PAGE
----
Best Ways to Develop a High-Performing Marketing Team | LivePerson Podcast

Best Ways to Develop a High-Performing Marketing Team | LivePerson Podcast

Interview by Vianca MeyerVianca Meyer
Published: September 08, 2023

Who Is Ruth Zive?

Ruth Zive is the Chief Marketing Officer at LivePerson and a metrics-driven marketing strategist. She has worked with B2B clients in the tech, financial services, and nonprofit industries for over two decades. Ruth is also the host of the Generation AI podcast.

From nonprofits to software, Ruth Zive has had an unusual journey to becoming the expert marketer she is today.

As the chief marketing officer at LivePerson, she combines her wide range of expertise to leverage data and yield results, all while developing and leading a high-performing team.

In our exclusive interview, Ruth discusses how marketing has changed in the past decade, the best way to build a team of experts, and why remaining curious is key in digital marketing.

This podcast transcript has been edited for clarity and readability.

Vianca Meyer: Before LivePerson, you worked at several other top marketing roles. How did those gigs shape how you're handling things at LivePerson?

Ruth Zive: Blueprint Software Systems and Ada were both early-stage startups when I joined, while LivePerson was already an established 25-year-old public company. However, I took a lot of learnings from those early experiences and brought them to LivePerson.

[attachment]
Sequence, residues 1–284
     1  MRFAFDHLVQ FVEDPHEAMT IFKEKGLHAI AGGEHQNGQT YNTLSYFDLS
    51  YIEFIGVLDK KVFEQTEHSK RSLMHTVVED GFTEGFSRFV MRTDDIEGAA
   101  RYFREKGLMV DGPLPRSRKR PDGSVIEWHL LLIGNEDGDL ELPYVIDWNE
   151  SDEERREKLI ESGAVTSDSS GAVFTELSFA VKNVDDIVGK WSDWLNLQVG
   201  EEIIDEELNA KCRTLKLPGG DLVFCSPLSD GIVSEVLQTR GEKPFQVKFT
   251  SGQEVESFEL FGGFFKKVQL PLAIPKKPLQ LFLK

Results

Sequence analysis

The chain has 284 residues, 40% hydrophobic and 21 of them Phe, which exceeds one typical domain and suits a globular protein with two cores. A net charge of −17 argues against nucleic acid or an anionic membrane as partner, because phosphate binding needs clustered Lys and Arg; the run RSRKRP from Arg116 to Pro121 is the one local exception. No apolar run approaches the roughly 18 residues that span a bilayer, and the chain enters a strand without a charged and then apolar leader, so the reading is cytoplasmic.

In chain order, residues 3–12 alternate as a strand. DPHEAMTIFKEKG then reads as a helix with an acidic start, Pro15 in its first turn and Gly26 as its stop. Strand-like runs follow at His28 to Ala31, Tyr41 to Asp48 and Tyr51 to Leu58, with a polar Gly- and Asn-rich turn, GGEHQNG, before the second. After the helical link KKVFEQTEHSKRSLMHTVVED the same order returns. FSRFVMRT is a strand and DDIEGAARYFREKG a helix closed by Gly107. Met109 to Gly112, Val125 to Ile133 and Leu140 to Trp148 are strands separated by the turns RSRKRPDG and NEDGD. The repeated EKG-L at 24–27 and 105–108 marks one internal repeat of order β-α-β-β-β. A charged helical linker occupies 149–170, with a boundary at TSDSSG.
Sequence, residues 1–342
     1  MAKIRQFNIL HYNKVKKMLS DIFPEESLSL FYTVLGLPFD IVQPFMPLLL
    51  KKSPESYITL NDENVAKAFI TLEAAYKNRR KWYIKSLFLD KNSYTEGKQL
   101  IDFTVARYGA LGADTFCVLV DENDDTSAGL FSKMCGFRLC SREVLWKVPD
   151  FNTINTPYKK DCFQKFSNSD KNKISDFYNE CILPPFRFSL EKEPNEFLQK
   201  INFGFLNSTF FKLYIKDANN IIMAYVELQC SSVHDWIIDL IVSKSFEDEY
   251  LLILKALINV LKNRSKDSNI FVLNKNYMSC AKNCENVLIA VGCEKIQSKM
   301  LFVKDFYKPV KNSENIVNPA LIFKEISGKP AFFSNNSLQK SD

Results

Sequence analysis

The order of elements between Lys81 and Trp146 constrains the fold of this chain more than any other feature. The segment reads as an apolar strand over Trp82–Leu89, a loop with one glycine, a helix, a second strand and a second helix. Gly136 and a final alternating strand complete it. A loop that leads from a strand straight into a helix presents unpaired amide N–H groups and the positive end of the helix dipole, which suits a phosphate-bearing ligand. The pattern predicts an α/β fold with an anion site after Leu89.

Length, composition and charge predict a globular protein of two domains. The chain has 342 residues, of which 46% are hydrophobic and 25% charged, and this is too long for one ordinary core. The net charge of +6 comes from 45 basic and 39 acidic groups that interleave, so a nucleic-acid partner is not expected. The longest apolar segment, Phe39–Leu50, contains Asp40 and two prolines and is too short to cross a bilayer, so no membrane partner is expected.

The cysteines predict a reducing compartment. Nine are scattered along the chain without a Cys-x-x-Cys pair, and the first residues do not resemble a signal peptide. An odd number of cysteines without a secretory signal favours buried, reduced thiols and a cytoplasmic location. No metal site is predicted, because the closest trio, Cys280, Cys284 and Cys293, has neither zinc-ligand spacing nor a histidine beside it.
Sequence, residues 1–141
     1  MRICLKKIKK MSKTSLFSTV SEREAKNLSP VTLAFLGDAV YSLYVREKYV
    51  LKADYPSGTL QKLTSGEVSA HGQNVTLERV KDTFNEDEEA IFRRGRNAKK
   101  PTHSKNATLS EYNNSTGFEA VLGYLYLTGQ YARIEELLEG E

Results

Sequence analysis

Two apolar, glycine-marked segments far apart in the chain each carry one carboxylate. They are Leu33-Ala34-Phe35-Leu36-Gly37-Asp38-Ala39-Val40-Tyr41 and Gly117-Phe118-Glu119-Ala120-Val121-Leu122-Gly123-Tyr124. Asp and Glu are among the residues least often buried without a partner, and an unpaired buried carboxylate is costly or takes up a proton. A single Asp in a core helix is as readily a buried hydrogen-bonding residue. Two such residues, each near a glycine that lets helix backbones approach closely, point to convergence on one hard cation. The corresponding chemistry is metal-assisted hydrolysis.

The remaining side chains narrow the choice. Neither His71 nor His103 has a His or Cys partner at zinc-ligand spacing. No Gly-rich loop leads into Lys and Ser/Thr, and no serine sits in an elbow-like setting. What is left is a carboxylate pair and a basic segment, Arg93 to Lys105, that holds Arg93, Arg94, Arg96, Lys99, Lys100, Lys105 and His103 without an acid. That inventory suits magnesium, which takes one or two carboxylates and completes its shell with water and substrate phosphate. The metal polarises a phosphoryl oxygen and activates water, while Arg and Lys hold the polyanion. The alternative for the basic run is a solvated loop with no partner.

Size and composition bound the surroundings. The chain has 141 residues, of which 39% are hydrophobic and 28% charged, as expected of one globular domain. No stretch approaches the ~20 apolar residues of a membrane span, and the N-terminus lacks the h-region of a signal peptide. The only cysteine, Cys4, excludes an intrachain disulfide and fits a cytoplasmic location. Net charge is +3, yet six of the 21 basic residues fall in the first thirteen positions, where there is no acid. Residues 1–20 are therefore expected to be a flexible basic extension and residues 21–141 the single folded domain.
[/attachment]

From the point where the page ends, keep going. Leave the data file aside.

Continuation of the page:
I learned that when dealing with resource constraints, small teams, and massive goals and targets, you know how to be very nimble, operate in a flat environment, be decisive, and turn to the data to iterate swiftly.

When I joined LivePerson, there was so much good there. That was the draw -  incredible customers, incredible people, an unbelievable product, but there were also a lot of processes and, in some cases, a lot of unnecessary procedures. I've tried to simplify the process, goals, and targets, articulate what those are with clarity, and assign measurable outcomes to them so that everybody understands what we're chasing.

That's a very startup-like muscle to flex, which I brought to the table at LivePerson. I learned a lot from those two experiences, as well as about building high-performing teams. One of the more gratifying parts of my job as a CMO is building high-performing teams helping people learn and get outside their comfort zones.

What have been the big game changers in marketing over the past ten years?

I remember buying ads and that being a primary strategy for marketing. That's all changed. The vast majority of what we do today is digital, especially in B2B enterprise SaaS. I think the ultimate game changer is that it can all be measured.

You used to have to do a lot of market research and surveying to understand the impact of your investment, but today, you can just look at metrics, click-through rates, and conversion rates. We can measure what we do, allowing us to make brighter, better decisions about how we invest and what we invest.

Right about when I decided to move out of nonprofit and into this world of tech is when all of that was moving, and that's what was exciting to me. Today, even as recently as six months ago, we saw the entire world disrupted with generative AI coming onto the market in a frenzy. You think about the internet of 20-25 years ago and how that changed the game, I think this is similar.